The National Science Consortium

STAR SCIENCE By Caesar Saloma, PhD (The Philippine Star)
Updated February 17, 2011

The National Science Consortium was organized in 2009 by the Department of Science and Technology (DOST) in line with its Accelerated Science and Technology Human Resource Development Program (ASTHRDP). Its aim is to enhance the capability of the Philippine higher education system to produce technically competent PhD and MS graduates by providing ample graduate scholarships to promising Filipino scientists and researchers, and by promoting resource sharing and information exchange through collaborative academic and research activities among Philippine universities with established PhD programs in the basic and applied sciences and mathematics, including forestry and agriculture, animal science, fisheries and public health. The current school year, SY 2010 — 2011, is the first year of implementation of the Consortium.

The Consortium was initiated during the term of Secretary Estrella Alabastro and implemented today with the full support of current DOST Secretary Mario Montejo. It presently consists of 10 colleges and schools from seven Philippine universities, namely University of the Philippines, Ateneo de Manila University, De La Salle University, University of Santo Tomas, Central Luzon State University, Visayas State University and Mindanao State University-Iligan Institute of Technology. The Science Education Institute (SEI) of the DOST found that only seven universities in the country have established PhD degree programs in the basic and applied sciences and mathematics. The four Consortium colleges from UP are based in UP Diliman, UP Los Baños, UP Manila and UP Visayas.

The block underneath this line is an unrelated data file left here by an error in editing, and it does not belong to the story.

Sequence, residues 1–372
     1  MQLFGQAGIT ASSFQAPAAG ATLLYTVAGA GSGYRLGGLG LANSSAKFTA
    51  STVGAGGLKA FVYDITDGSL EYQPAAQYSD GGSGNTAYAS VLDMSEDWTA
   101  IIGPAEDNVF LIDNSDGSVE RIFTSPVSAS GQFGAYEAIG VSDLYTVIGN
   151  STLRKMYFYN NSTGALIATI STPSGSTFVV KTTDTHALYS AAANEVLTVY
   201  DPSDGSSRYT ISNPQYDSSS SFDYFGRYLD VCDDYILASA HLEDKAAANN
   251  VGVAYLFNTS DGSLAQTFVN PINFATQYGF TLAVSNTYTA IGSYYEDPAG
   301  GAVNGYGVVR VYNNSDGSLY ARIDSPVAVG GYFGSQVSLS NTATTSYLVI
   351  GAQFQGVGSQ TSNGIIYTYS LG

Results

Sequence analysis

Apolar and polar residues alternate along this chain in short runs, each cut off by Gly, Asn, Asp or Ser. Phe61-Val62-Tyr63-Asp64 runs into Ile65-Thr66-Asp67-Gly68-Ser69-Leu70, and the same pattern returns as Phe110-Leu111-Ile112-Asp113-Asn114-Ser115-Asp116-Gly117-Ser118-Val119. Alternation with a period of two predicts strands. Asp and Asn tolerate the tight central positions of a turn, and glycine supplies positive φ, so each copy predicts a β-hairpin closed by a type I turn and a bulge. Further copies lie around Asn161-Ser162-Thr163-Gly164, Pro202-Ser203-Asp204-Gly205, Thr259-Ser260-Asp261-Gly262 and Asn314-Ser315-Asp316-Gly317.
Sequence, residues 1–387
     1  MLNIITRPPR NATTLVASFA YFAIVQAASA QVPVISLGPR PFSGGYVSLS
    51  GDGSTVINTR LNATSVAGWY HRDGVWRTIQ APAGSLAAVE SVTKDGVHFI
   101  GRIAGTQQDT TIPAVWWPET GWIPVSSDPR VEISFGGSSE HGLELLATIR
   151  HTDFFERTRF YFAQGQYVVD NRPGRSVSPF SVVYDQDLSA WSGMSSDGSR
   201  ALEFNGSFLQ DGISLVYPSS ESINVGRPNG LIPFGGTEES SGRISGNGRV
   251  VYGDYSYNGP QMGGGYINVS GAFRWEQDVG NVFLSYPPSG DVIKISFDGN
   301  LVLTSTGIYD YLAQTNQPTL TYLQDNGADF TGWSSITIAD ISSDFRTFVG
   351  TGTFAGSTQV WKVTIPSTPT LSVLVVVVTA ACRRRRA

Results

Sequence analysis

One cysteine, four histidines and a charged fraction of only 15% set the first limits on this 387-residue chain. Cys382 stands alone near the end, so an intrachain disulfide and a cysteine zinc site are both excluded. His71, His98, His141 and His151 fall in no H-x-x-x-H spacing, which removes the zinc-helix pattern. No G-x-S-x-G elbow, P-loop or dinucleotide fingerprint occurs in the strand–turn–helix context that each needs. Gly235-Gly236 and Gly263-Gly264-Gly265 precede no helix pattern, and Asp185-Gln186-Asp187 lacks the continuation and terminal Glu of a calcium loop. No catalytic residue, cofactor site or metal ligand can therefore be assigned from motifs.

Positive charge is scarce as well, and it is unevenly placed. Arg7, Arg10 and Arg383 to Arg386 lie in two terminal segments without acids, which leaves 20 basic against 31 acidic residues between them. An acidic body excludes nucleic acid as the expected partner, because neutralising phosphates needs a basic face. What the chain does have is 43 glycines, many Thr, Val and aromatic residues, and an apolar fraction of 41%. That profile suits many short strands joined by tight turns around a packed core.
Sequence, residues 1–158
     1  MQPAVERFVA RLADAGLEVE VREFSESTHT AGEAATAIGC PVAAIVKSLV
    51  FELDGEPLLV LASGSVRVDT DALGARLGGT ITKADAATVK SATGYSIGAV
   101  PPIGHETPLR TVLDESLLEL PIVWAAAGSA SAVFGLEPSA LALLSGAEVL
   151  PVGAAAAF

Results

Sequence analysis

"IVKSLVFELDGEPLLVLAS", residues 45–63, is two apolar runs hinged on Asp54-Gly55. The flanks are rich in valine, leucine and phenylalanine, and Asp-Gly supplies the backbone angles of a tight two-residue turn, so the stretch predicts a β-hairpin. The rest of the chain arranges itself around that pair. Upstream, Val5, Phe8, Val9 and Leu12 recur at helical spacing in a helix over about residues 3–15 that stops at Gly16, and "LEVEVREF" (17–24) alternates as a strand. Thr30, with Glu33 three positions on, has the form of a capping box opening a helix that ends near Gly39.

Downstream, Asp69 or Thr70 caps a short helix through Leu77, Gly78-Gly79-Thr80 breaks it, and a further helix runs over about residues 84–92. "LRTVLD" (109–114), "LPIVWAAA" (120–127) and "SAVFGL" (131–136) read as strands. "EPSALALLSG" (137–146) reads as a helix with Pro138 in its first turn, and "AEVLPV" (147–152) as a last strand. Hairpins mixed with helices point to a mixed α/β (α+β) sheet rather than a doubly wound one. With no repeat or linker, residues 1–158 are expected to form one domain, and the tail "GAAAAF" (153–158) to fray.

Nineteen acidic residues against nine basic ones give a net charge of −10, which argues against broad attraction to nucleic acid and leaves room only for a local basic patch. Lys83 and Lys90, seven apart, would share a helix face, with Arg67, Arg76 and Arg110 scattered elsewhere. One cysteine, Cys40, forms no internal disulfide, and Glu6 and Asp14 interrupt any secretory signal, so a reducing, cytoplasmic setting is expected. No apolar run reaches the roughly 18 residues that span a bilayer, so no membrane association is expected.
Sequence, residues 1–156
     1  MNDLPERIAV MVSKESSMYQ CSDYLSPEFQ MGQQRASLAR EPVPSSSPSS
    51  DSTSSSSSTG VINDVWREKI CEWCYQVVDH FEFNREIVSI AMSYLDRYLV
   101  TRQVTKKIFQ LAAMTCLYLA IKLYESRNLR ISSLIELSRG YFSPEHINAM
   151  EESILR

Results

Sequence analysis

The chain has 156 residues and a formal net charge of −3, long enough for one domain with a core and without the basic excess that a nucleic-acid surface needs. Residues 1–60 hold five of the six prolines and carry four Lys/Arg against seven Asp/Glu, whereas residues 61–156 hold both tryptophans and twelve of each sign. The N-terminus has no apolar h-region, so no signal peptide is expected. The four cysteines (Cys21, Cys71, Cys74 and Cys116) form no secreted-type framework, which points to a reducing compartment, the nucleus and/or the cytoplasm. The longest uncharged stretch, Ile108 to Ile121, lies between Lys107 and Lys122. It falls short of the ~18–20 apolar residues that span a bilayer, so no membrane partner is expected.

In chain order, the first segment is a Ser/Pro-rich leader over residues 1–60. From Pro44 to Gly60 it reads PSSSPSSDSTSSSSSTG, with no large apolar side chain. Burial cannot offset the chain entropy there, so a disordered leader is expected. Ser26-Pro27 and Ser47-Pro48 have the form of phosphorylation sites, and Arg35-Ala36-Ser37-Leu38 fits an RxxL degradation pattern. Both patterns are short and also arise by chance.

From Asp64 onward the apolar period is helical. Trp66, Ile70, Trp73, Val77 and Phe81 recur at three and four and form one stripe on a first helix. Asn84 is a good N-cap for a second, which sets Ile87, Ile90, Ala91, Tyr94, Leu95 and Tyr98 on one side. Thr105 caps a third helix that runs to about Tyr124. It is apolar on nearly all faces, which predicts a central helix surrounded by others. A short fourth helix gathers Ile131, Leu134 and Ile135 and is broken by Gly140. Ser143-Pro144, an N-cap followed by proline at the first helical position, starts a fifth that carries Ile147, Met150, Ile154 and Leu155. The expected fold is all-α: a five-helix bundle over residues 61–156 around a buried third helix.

Available CHED records reveal that in 2009, the Philippine higher education system was made up of 1,758 universities and colleges, of which more than 88 percent were privately owned. Thirty-nine percent (1.081 million) of all undergraduates were enrolled in 190 state and local government-supported universities and colleges during SY 2009-2010. In SY 2004-2005, less than 10 percent of faculty members had PhD degrees implying that only a few institutions of higher learning are capable of offering viable (advanced) graduate programs particularly in the natural sciences, mathematics and engineering.

The Consortium is managed by the Steering Council that is composed of the deans of the 10 member colleges together with the DOST-SEI executive director. The Council serves as a policy-making body that also closely monitors and evaluates the performance of the Consortium program. In October 2010, a total of 764 full-time PhD faculty members worked for the Consortium with the UPLB Graduate School and the UP Diliman College of Science employing the largest numbers at 244 and 147, respectively.

Before the Consortium was organized, the chosen colleges produced an average total of 74.7 PhD and 247.4 MS graduates per school year with UPLB Graduate School and the UP Diliman College of Science producing 97 and 48 MS graduates, respectively. The formation of the Consortium is expected to increase collective production to around 250 PhD and 350 MS graduates per year by creating an enabling environment wherein a PhD faculty member is able to graduate successfully one PhD and one MS student every three and two years, respectively.